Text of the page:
3. Yep, I'm with you Patti. And you're right Roni ... the thing is, I thought this person, who publishes books on topics associated with the criminal trial in my book, WOULD be appropriate! Oh well, live and learn ...

  4. Hi Cammie, thanks for joining my blog.

    This is a really interesting post and it raises lots of great questions about who we show our work to and why. I personally think that when you send your work out there into the world you have to expect that what is feed back to you is at best someone else's opinion. Though you didn't agree with Sam I don't know that I necessarily think she was trying to cut you down. I think the comments that are useless are the ones that attack you as a person. Saying things like, your writing sucks etc would be useless feedback, not to mention hurtful. I have sent my memoir out there for feedback and some of it has been brutal. BUT I asked for people's honest opinion and I was ready to hear it. After all there is always something to be taken away from a really negative feedback. something made them respond like that. Maybe the part doesn't need to be rewritten, but maybe it can be shorter, longer, more intense, less intense etc. I also send my work to writers of all different genres. I think the feedback is far more varied and when my work gets out there in the real world I want people of all walks to read it. At the end of the day we have to be sure we are ready for truth as others see it. That does not mean they are right, and in Sam;s case she could well be wrong, but at least she feedback to you what she really thought. I'd ask her why she wanted the focus on the trial. What was it about the work that made her believe this was the real story. Maybe it will point to something in your writing that you could make stronger. I am not suggesting you write a book that is not yours, only that you see if there is anything at all that you can learn about your writing through her eyes. I guess my point is I don't think all is lost with negative feedback, even feedback like Sam's can be useful if you turn it to your advantage and dig. Of course you know your own writing too and maybe she is just not a good fit for you as a beta reader. Good luck editing. Don't give up. :)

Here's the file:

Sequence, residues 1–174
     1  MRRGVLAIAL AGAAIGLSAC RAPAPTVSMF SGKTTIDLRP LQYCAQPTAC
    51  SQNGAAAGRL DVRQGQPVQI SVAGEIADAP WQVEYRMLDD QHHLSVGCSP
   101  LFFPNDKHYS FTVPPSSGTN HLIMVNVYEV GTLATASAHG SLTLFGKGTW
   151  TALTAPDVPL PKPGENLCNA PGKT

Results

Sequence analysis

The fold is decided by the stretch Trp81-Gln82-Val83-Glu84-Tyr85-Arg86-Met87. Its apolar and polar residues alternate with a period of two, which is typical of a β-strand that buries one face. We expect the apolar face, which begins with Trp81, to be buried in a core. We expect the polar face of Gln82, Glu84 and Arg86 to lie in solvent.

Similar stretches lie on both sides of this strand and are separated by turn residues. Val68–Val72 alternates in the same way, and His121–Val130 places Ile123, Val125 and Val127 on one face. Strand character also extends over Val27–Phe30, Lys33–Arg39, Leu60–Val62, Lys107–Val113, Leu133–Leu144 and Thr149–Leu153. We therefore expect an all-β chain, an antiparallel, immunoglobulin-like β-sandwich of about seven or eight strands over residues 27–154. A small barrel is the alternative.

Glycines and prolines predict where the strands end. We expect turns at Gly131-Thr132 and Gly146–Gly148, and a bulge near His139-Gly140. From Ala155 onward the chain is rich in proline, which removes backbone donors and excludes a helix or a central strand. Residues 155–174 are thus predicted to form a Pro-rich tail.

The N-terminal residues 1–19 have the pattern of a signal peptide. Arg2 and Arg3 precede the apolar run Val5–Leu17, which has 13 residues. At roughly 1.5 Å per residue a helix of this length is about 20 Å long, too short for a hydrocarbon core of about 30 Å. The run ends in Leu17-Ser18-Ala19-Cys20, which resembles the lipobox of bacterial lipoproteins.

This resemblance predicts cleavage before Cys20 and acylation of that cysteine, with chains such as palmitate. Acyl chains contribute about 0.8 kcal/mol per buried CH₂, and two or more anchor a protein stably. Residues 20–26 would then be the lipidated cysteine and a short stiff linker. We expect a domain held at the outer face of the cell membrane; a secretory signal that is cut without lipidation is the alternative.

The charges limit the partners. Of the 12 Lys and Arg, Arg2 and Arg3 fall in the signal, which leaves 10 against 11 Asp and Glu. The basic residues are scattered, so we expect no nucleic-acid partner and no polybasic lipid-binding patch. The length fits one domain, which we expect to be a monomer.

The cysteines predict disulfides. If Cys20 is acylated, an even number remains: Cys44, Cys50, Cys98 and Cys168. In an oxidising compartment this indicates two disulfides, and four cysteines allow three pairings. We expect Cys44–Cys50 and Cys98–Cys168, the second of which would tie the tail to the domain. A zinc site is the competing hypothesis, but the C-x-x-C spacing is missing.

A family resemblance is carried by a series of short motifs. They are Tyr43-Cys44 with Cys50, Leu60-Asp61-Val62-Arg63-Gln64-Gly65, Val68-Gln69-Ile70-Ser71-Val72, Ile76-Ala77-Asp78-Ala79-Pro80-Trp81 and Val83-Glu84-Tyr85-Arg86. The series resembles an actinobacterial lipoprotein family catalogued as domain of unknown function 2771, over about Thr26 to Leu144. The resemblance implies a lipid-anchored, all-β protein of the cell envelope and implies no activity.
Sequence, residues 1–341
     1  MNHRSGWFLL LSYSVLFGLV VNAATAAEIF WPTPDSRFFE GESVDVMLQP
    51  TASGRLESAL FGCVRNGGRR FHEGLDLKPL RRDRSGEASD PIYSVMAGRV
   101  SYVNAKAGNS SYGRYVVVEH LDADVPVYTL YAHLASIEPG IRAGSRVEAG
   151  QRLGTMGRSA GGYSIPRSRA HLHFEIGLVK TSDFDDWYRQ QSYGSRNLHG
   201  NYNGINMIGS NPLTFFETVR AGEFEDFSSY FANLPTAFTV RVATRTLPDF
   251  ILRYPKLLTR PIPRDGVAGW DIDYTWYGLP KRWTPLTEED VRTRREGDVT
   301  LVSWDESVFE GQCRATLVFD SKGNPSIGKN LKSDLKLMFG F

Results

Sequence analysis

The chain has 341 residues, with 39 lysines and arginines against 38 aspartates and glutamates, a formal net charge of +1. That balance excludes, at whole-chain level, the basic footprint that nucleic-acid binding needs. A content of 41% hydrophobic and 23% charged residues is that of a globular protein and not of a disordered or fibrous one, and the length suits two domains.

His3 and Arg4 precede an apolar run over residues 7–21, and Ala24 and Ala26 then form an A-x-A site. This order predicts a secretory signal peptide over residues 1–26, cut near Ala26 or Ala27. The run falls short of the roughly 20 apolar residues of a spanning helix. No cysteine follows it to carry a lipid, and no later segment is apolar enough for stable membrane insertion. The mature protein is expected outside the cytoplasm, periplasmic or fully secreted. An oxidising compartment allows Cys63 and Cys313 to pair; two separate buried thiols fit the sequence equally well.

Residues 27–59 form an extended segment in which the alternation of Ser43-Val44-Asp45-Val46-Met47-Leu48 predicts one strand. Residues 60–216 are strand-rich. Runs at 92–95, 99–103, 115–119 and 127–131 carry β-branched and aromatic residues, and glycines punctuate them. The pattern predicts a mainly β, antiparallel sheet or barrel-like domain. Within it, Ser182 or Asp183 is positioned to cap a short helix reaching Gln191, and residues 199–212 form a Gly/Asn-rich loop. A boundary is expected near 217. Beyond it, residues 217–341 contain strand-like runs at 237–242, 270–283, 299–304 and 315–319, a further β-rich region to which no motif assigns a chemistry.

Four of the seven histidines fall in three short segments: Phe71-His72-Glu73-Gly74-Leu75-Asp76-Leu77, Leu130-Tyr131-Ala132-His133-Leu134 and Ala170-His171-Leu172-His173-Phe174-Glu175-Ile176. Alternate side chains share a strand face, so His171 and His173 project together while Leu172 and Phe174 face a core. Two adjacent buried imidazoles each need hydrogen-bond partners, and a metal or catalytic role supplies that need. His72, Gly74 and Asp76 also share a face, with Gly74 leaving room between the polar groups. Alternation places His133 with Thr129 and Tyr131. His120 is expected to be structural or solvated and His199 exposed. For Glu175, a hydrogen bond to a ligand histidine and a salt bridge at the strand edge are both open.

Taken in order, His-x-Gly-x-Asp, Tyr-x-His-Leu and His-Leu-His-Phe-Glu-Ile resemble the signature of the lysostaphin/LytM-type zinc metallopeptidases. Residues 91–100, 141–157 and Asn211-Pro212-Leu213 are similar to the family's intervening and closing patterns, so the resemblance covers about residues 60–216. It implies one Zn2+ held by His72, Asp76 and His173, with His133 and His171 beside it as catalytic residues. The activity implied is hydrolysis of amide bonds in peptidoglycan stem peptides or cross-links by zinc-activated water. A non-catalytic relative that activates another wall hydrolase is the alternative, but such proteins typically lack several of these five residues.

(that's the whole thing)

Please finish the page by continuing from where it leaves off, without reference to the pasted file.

5. Well, that novel is history for a number of reasons! But I think you do have a point ... Sam (who I'll out as a "he") was certainly correct in insinuating that my writing had major flaws, and that perhaps I gave short shrift to the crim trial section from a literary standpoint. I suppose I was just used to the Gotham method of critiquing, which really focuses on bringing out the best in each writer's work, as opposed to what we might call the "real world" method of trying to mould writers to meet the market!

  6. I was once a member of a critique group with my first novel, which I haven't finished yet. I'll get back to that after I finish my current one.

    My point is, at first it was disturbing, yet the people in the group were generally helpful and I learned so, so much. But after awhile, I noticed the whole purpose of my novel had changed and I no longer recognized it.

    I tried other groups before I realized I was done. I'd gotten all I could from critique groups and no matter how I changed something, someone found something they didn't like in it. By then I realized it was no longer critiquing I was getting, but criticism. I finally had to trust in myself.

    I'll always be grateful to those few who hung in there with me because I took away a lot of skills that have become second nature to me, and I made a few friends, ones I still stay in contact with.

    So you have to make up your own mind. You are right about your instincts. You should have tossed that one crit and been done with it. Keep up the good work.

  7. Thank you Elizabeth! You're so on the money re the never-ending cycle of critiques (which, like you said, sometimes turn out to be no more than criticism). At the end of the day, we as writers need to hone our skills as critique FILTERERS as much as anything else!